Museums Pharaohs Ramses II

Reception with Ramses: An Egyptian Neo-Pagan visits ‘Ramses & the Gold of the Pharaohs’ at the Australian Museum

December 7, 2023
Ramases and the Gold of the Pharaohs

Statue of Ramses II, on display at the Australian Museum. Image © 2023 Scott Rose. All rights reserved.


This week I took a day trip to Sydney to see Ramses & the Gold of the Pharaohs at the Australian Museum and OMGs, it was great! What happens when an Egyptian neo-pagan, otherwise known as a Kemetic practitioner, visits a museum with an exhibition on ancient Egypt?

Let’s just say, multiple levels of reality coalesce to form one, big blissful symphony. I’ll do my best to describe them here. On the surface, I probably look and act like any other museum patron. Be assured however, that internally, I’m combusting! This is my Disneyland. Well, close to it. The only thing better than going to Egypt, of course, is to have Egypt come to you. I am certainly glad this extraordinary slice of the ancient world has come all the way to the Land Down Under. I am undoubtedly one of several thousand giving Ramses a warm welcome.

Ramses & the Gold of the Pharaohs is a must-see exhibit, with pieces not only from the reign of Ramses II (1279–1213 BC) but includes other pharaohs, notable people and events in ancient Egyptian history. Might I mention it’s mercifully air-conditioned and the lighting is superb? There are even a few mummies thrown in for good measure but no people, I’m afraid. I hope cats, lion cubs, crocodiles and dung beetles will suffice. While the exhibit is complete in itself, a good dose of culture is always addictive, and leaves you wanting more. I realised that I might know a thing or two about ancient Egypt, but there’s still so much to learn, see and do. Life goals!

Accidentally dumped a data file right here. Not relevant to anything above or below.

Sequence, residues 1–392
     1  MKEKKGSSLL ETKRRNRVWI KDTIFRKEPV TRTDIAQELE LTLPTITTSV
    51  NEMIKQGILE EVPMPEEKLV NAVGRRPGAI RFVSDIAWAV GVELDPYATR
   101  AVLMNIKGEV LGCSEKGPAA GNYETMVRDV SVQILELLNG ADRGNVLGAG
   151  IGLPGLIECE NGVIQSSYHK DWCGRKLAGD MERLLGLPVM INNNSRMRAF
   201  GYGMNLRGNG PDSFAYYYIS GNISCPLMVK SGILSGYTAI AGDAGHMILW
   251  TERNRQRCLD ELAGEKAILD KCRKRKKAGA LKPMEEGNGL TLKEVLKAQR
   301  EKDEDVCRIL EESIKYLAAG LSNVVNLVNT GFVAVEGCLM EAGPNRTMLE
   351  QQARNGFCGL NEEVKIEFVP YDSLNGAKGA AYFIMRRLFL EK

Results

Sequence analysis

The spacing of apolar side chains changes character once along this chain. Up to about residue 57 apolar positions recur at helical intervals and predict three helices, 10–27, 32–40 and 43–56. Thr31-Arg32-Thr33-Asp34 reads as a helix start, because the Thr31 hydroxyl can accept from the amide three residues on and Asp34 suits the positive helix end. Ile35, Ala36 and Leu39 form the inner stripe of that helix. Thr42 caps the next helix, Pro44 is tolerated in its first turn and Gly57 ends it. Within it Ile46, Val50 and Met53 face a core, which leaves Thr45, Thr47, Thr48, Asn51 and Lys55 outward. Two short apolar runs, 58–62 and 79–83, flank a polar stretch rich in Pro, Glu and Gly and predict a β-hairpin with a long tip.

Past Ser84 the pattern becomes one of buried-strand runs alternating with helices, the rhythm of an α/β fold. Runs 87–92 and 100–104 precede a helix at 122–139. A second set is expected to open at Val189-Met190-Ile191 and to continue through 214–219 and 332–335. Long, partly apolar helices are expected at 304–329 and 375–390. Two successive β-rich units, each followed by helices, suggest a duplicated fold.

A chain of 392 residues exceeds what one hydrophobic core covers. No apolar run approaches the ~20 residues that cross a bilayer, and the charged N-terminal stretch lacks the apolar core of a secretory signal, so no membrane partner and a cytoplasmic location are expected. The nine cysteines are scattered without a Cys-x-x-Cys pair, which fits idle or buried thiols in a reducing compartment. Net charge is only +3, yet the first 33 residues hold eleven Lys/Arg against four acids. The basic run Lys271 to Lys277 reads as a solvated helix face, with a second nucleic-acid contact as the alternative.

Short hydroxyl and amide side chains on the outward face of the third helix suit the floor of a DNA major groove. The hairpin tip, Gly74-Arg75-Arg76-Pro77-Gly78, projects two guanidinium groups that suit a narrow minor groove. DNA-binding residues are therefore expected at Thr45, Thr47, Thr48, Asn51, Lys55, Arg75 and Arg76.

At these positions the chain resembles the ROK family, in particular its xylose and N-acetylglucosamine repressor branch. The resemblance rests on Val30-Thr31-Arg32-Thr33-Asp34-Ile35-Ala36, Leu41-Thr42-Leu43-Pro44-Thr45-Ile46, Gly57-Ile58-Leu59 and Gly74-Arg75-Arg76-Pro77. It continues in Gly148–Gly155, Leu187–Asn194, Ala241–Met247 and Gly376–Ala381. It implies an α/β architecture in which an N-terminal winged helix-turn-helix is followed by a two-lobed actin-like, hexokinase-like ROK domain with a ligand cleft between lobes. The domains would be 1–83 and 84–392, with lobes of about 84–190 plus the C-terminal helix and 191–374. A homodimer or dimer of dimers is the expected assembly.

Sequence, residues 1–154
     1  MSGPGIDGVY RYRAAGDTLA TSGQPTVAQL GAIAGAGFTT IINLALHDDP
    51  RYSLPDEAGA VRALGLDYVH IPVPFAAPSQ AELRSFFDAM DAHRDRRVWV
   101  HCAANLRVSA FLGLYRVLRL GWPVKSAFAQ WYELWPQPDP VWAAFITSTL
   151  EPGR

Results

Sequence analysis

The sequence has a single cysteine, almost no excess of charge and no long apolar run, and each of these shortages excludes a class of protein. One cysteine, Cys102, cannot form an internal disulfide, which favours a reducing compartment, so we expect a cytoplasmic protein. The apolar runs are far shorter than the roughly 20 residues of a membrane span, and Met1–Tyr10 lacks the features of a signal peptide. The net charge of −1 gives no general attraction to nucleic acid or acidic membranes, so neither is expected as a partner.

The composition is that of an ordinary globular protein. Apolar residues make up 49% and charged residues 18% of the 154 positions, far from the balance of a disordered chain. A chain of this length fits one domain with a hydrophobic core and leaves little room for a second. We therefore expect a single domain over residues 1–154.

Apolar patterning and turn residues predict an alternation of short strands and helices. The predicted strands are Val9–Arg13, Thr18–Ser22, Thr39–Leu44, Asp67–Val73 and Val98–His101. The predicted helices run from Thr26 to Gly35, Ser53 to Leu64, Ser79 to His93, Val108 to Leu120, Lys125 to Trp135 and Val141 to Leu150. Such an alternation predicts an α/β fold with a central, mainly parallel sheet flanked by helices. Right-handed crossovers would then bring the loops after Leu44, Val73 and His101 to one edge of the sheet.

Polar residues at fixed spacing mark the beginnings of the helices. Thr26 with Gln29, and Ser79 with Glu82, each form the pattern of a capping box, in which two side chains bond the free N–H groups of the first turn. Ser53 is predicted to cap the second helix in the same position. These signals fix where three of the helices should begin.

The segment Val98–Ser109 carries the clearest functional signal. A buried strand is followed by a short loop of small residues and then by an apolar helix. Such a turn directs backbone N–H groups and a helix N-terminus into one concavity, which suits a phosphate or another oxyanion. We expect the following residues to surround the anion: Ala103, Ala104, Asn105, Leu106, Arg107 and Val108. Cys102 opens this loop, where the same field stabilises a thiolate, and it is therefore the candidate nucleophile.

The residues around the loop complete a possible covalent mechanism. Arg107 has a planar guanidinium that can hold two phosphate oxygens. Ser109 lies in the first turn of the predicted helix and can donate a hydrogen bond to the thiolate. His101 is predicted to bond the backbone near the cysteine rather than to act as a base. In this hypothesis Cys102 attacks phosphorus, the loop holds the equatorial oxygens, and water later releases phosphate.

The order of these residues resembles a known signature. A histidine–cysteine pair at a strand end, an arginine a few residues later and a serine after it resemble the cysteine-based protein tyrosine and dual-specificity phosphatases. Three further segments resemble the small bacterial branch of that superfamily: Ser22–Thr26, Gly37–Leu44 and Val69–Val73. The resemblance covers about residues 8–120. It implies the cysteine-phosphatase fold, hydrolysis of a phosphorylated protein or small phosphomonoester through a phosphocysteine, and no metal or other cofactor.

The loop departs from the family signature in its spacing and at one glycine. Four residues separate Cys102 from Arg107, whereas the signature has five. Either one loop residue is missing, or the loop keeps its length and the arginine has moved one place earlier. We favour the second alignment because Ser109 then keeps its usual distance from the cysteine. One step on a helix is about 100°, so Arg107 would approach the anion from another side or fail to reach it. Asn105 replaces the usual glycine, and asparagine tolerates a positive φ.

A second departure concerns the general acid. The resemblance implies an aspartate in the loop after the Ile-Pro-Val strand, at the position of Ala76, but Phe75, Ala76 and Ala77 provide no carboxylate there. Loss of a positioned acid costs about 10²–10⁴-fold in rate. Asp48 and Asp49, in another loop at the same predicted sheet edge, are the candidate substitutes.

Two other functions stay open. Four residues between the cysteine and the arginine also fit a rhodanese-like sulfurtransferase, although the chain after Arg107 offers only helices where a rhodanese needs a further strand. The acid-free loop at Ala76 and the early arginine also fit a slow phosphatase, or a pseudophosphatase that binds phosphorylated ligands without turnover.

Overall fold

This gallery is just a sampler of what’s on display at Ramses & the Gold of the Pharaohs:



For an intuitive Egyptian pagan, the excitement of Ramses & the Gold of the Pharaohs only touches the surface. There is much, much more going on behind the scenes. If you’re keen to be part of that reality, let’s get mystical.

On the psychic level, my reception with Ramses II occurred well before I got to the museum. During the flight to Sydney, once we climbed to cruising altitude, I allowed myself a deep breath and a moment of relaxation. All the mundane and worldly concerns with getting there drifted into the background. I wasn’t focused on anything in particular and wasn’t expecting or willing anything to happen. I was just chillin’ like a villain, minding my own business. As soon as I closed my eyes, I became aware that my crown chakra was expanding, opening and elevating. I knew I was about to have an experience.

Suddenly, I could sense Ramses’ personality around my energy field, similar to how you can read a person’s energy when they walk into a room. He had an air of calm strength and self-assurance, which he extended to others as a courtesy. He was quite diplomatic and genuine in nature, a man who had learned much about the art of war but even more about the art of peace in his life. While Ramses II is criticised today by Egyptologists for having been boastful and for spreading propaganda during his reign, I could sense none of that in him now. I could tell this was an accomplished, mature, stable and reliable leader and a quite reasonable man.